• Treatment

    The goal of treatment is to get the patient stable, stop the bleeding, and remove the blood and air in the pleural space. A chest tube is inserted through the chest wall to drain the blood and air. It is left in place for several days to re-expand the lung.

    When a hemothorax is severe and a chest tube alone does not control the bleeding, surgery (thoracotomy) may be needed to stop the bleeding.

    The cause of the hemothorax should be also treated. In people who have had an injury, chest tube drainage is often all that is needed. Surgery is often not needed.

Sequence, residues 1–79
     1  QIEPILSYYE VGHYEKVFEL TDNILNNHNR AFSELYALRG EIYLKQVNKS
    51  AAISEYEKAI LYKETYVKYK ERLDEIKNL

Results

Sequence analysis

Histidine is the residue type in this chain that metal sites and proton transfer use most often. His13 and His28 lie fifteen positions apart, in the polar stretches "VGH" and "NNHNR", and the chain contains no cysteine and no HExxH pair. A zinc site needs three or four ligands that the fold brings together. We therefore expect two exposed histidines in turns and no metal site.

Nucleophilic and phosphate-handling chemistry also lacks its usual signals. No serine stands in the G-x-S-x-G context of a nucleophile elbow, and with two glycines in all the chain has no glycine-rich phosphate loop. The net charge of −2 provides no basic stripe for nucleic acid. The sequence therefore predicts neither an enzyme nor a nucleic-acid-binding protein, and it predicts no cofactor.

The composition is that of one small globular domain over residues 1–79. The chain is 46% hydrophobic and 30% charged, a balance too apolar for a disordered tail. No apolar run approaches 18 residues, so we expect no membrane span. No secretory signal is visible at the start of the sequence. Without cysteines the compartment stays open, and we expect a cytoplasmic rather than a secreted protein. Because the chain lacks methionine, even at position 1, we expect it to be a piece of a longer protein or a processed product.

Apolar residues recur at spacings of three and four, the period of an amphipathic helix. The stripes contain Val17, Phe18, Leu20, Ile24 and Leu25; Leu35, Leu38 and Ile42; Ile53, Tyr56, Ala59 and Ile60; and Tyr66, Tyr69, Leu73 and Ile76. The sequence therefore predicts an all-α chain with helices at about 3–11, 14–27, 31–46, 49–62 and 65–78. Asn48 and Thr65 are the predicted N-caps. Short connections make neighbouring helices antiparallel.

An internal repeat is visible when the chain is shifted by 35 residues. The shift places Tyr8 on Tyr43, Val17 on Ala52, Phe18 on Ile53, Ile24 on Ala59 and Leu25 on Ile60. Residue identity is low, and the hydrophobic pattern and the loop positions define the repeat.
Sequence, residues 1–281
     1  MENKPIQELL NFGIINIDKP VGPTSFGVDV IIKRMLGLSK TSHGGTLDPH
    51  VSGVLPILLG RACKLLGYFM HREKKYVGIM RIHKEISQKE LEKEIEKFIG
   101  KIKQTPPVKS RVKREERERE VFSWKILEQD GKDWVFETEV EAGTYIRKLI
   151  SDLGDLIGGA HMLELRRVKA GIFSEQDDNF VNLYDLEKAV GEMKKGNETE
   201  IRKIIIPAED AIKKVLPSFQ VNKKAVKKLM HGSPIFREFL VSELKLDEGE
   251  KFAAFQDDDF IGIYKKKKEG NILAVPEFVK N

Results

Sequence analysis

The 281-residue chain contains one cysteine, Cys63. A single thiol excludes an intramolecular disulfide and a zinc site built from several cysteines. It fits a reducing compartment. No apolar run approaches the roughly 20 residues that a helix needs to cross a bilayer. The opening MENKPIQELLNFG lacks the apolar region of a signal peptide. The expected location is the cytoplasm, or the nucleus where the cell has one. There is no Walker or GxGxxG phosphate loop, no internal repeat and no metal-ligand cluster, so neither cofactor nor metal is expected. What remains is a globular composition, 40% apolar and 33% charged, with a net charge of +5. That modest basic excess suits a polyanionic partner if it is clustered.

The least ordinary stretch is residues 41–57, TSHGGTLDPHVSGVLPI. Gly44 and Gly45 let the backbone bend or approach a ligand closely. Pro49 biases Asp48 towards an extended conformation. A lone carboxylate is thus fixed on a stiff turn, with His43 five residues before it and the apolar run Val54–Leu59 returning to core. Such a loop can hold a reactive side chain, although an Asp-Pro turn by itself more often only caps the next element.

Support Groups

    Expectations (prognosis)

    The outcome depends on the cause of the hemothorax and how quickly treatment is given.

    • Collapsed lung, leading to respiratory failure
    • Death
    • Empyema
    • Fibrosis or scarring of the pleural membranes
    • Pneumothorax
    • Shock

    Calling your health care provider

    Call 911 if you have:

    • Any serious injury to the chest
    • Chest pain or shortness of breath

    Go to the emergency room or call the local emergency number (such as 911) if you have:

    • Dizziness, fever, or a feeling of heaviness in your chest
    • Severe chest pain
    • Severe difficulty breathing